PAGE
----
It was only in July, in response to a question in the Rajya Sabha by the leader of the opposition and Congress member of parliament, Mallikarjun Kharge, that the government revealed that the intellectual property in Covaxin was in fact jointly owned with Bharat Biotech, and that it had transferred the viral strain isolated by the NIV to Bharat Biotech for a one-time fee of Rs 5 lakh.
These disclosures led many experts and activists to criticise the ICMR for claiming only 5% as royalty.
Economist and professor R Ramakumar of the Tata Institute of Social Sciences (TISS) told Article 14: “The royalty of 5% is an anomaly in the contract. When IPR is jointly owned by two institutions, it makes no sense that one of the parties gets 95% and the other only 5%.”
He said in terms of investment, Covaxin is the cheapest vaccine in the world. “Yet it is one of the most expensive in the market,” he said, “and the government has allowed one company to usurp the benefits.”
In her reply to Kharge, minister of state for health & family welfare Dr Bharti Pravin Pawar claimed that the royalty of 5% was decided based on benchmarking royalty percentages domestically and internationally, by organisations such as the World Health Organisation (WHO) and the United Nations Development Programme (UNDP) .
Neeta Sanghi, an industry veteran with over three decades’ experience in managing pharmaceutical supply chains, told Article 14 that the WHO and UNDP benchmarks referred to royalty in cases of compulsory licensing, generally issued by governments to reduce prices and improve access.
“In this case, the government has used the royalty arrangement to enable a monopoly. Whether these benchmarks apply is questionable,” said Sanghi.
On 3 June, Article 14 filed an RTI request with ICMR asking for:
1. Royalty payments received by ICMR from the sales of Covaxin between 1 January 2021 and 31 May 2021; and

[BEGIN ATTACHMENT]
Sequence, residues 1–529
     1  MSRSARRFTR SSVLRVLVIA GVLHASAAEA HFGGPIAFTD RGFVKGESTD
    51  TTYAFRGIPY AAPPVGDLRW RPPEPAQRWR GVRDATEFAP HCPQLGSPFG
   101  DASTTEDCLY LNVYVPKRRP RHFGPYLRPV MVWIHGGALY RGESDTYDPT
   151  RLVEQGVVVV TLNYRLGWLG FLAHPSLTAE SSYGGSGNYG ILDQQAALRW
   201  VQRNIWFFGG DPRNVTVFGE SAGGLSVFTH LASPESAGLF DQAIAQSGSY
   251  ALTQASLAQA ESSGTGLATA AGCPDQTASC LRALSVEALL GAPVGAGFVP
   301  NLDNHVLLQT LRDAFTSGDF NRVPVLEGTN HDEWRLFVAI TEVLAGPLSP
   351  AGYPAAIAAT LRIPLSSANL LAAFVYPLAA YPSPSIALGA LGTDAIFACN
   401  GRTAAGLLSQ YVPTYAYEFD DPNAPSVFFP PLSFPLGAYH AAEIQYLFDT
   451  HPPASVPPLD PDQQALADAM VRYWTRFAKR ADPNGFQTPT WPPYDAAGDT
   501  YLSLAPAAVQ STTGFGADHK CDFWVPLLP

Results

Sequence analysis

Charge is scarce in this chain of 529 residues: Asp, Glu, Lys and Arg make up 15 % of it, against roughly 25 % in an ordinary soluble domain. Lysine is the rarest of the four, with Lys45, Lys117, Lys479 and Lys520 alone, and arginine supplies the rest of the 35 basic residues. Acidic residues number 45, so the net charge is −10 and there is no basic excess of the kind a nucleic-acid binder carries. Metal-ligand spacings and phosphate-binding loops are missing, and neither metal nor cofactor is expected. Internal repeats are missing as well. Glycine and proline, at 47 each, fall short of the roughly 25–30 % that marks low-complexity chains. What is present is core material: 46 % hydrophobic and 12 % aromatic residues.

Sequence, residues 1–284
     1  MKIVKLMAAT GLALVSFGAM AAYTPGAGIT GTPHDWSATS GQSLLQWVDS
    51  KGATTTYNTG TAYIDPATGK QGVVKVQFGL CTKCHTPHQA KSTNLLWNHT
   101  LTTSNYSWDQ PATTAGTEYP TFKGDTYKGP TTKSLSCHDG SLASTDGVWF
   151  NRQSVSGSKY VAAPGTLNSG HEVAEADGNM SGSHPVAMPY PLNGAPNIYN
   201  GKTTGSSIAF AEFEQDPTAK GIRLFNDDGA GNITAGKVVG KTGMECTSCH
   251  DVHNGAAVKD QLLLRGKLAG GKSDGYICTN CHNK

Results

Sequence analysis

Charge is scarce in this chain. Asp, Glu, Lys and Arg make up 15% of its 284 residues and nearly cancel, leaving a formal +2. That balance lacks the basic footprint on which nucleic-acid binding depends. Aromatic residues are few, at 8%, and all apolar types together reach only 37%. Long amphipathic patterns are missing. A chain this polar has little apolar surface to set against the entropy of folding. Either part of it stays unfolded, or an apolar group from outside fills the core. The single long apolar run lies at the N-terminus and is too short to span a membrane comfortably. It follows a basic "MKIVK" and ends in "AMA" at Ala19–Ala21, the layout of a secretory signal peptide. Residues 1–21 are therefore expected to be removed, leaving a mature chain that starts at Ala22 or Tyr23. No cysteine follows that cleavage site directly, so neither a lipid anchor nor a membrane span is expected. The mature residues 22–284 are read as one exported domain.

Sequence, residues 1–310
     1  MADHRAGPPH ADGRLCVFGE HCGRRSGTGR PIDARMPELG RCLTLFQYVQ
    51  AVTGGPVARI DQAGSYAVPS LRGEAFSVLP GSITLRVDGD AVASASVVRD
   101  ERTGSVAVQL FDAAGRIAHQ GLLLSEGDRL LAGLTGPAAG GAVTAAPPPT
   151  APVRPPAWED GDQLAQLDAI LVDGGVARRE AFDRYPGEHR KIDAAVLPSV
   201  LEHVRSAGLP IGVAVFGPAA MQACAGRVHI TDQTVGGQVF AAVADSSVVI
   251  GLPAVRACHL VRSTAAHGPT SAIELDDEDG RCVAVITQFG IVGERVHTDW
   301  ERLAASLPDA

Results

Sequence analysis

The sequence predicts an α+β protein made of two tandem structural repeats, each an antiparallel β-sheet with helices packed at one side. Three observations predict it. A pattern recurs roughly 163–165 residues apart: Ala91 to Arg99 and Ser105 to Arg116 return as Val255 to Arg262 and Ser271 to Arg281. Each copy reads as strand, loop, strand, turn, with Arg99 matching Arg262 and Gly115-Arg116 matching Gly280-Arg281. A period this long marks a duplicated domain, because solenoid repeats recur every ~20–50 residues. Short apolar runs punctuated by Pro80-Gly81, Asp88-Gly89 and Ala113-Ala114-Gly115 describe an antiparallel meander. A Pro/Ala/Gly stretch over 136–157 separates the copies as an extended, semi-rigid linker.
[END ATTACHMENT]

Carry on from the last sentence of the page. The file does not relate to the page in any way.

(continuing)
2. Month-wise sales of Covaxin doses between 1 January 2021 and 31 May 2021.
As the ICMR did not reply within the statutory time limit of 30 days, Article 14 filed an appeal on 6 July. On 18 August, the ICMR replied, stating that “...we have not received any royalty from M/S Bharat Biotech till date. However matter (sic) is under process....”
In effect, seven months after its release, the public exchequer had not received even a rupee’s return on Covaxin sales.
On 18 October, in response to yet another RTI application from us, the ICMR said it had received Rs 33.65 crore as royalty on 30 August. Since 5% of sales were due as royalty every six months, this means that Bharat Biotech claimed to earn Rs 673 crore until June 2021 from Covaxin.
Stonewalling Requests For Information, Underreporting Revenue
So far, the ICMR has refused to reveal crucial data such as the number of doses and time period corresponding to the royalty receipt of Rs 33.65 crore. (Article 14 has filed an appeal contesting the response.)
Their refusal to place this information in the public domain makes it difficult to definitively scrutinise the royalty amount.
However, Rs 673 crore in Covaxin sales revenue seems to be a clear case of underreporting. By 30 June, 4.03 crore Covaxin doses had been administered in India as per the CoWin dashboard. The government disclosed partial information on orders and prices under RTI to transparency activist Commodore Lokesh Batra (retired), and to the Supreme Court in its affidavit dated 26 June.
Based on this, a back-of-the-envelope calculation indicates that Bharat Biotech likely earned at least Rs 1,010 crore in the first six months, as Table 1 shows.
* Assuming a conservative average price of 1000 rupees a dose. In May, there were reports of Covaxin selling at up to Rs 1,500 per dose, and more in the black market. After criticism from the Supreme Court, the Union government, starting June 21, capped the price at Rs 1,200 per dose for Covaxin, exclusive of taxes and hospital fees.
If we conservatively assume that Bharat Biotech sold the balance 28 lakh doses (out of 4.03 crores administered by 30 June) to the Union government at the regulated price of Rs 150 per dose, it would have earned an additional 42 crores, taking its total earning in the first six months to about Rs 1,010 crores.
Further, in April, Bharat Biotech also announced Covaxin exports at Rs 1,123 - 1,498 per dose, and as per the Union of India’s affidavit dated 26 June to the Supreme Court, in private hospitals of Nepal, Covaxin was selling at $35 per dose (over Rs 2,000 a dose).